AcpA of Francisella spp. is a respiratory-burst-inhibiting acid phosphatase that also exhibits phospholipase C activity. To better understand the molecular basis of AcpA in virulence, a deletion of acpA was constructed in Francisella novicida. The phosphatase and lipase activities were reduced 10-fold and 8-fold, respectively, in the acpA mutant compared to the wild type and were found mostly associated with the outer membrane. The acpA mutant was more susceptible to intracellular killing than the wild-type strain in the THP-1 human macrophage-like cell line. In addition, mice infected with the acpA mutant survived longer than the wild-type strain and were less fit than the wild-type strain in competition infection assays. Transmission electron microscopy showed that the acpA mutant was delayed in escape from macrophage phagosomes, as more than 75% of acpA mutant bacteria could still be found inside phagosomes after 12 h of infection in THP-1 cells and human monocyte-derived macrophages, whereas most of the wild-type bacteria had escaped from the phagosome by 6 h postinfection. Thus, AcpA affects intracellular trafficking and the fate of Francisella within host macrophages.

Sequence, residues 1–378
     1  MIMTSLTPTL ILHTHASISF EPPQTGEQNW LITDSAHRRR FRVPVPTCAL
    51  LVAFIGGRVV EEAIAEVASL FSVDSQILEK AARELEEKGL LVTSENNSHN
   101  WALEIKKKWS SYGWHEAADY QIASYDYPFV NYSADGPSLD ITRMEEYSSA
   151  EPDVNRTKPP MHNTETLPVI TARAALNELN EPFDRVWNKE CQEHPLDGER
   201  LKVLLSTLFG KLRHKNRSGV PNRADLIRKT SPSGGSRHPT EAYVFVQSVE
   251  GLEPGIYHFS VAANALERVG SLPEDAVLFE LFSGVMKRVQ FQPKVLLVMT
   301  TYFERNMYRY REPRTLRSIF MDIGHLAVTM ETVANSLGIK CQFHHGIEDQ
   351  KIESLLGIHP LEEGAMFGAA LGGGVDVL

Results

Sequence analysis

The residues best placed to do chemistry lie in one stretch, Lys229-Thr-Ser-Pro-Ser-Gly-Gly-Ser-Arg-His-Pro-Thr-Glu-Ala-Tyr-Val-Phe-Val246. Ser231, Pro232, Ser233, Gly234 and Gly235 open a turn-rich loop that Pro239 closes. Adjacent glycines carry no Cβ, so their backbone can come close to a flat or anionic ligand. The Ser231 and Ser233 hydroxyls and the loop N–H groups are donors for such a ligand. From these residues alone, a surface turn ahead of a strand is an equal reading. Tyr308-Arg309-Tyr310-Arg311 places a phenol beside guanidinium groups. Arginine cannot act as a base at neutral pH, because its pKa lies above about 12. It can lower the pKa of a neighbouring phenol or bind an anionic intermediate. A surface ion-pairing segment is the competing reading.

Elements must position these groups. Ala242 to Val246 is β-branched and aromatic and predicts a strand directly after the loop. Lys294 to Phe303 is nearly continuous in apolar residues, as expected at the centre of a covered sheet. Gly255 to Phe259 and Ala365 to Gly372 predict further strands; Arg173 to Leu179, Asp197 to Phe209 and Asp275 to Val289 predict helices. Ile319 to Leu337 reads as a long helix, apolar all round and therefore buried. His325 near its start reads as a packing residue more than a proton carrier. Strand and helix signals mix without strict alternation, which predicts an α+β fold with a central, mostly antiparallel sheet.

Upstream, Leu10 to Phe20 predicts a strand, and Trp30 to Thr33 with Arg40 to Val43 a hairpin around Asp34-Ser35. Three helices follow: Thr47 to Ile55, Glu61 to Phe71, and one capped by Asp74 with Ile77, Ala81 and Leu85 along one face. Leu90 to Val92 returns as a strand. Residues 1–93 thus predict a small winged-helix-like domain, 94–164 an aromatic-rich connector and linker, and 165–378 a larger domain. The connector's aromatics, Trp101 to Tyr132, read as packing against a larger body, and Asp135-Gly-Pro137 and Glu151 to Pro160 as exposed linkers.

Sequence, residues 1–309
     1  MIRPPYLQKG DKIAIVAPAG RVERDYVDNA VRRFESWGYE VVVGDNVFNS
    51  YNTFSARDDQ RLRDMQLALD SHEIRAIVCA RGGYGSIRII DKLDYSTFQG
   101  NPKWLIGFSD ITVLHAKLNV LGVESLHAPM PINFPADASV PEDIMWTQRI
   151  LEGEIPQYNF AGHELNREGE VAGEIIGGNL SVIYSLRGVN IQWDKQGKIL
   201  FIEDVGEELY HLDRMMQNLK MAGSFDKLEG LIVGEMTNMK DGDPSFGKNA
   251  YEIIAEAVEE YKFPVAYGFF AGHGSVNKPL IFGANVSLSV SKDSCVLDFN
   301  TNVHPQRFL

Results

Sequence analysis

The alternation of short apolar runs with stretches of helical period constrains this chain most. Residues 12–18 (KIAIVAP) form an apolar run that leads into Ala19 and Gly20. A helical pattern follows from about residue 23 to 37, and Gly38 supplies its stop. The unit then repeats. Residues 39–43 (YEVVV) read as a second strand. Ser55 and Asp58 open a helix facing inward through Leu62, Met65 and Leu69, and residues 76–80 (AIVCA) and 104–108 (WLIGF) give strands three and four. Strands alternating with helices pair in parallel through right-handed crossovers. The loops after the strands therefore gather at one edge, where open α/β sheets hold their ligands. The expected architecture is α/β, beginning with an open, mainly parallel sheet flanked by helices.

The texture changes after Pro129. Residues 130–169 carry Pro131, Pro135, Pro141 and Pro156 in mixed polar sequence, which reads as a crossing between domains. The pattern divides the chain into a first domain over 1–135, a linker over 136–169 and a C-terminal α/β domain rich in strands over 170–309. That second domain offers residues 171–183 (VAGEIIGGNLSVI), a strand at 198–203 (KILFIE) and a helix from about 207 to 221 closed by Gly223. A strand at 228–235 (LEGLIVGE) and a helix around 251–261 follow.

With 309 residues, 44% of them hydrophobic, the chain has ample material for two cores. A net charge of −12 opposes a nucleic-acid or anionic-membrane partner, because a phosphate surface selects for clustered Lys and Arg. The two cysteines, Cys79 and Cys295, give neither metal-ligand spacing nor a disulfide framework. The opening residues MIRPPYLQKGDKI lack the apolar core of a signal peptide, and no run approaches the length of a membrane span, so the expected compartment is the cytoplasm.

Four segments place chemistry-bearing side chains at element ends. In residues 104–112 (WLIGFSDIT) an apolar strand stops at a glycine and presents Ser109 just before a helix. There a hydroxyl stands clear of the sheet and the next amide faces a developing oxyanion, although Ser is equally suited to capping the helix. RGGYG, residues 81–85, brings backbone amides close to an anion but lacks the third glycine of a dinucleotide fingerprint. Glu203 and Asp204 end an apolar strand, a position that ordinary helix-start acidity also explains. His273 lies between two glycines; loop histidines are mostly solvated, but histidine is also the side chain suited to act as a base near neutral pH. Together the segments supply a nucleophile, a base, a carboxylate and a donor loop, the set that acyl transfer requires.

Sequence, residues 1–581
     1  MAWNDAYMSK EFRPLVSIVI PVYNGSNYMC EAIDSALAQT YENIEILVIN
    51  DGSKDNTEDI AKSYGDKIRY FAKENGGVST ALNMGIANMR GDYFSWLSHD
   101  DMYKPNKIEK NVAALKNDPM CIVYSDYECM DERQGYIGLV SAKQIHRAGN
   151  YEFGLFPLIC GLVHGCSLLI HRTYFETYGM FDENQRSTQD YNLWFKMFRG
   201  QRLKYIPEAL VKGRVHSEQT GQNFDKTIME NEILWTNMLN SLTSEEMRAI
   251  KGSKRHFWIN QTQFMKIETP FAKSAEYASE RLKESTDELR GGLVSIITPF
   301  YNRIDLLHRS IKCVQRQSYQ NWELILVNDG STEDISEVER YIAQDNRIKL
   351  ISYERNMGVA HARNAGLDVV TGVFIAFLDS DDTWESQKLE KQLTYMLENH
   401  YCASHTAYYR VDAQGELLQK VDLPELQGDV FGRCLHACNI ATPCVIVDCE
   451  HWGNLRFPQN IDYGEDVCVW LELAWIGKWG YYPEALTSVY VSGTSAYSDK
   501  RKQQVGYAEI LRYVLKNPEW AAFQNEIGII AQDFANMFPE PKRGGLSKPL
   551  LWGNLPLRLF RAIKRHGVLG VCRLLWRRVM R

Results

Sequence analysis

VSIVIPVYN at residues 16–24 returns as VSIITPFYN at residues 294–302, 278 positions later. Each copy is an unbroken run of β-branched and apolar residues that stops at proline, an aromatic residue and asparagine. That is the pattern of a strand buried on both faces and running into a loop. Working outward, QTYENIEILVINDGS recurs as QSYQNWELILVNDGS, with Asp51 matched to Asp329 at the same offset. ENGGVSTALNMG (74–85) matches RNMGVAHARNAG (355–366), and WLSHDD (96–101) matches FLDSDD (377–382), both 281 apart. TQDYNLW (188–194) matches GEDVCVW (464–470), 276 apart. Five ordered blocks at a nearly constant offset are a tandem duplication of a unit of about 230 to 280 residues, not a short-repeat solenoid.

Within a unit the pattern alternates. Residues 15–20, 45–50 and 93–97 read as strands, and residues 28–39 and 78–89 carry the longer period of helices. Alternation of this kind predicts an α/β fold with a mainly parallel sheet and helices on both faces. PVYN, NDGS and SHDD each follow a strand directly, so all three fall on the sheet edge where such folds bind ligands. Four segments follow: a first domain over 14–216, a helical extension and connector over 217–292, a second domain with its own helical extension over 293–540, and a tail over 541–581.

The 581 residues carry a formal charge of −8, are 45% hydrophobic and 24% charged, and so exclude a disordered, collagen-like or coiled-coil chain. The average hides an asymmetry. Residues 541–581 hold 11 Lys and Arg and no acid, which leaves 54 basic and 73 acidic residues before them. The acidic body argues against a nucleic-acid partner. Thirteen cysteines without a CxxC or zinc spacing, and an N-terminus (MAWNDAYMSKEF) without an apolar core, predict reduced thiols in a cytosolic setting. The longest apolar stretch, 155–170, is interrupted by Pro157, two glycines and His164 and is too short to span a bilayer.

ASJC Scopus subject areas
- Infectious Diseases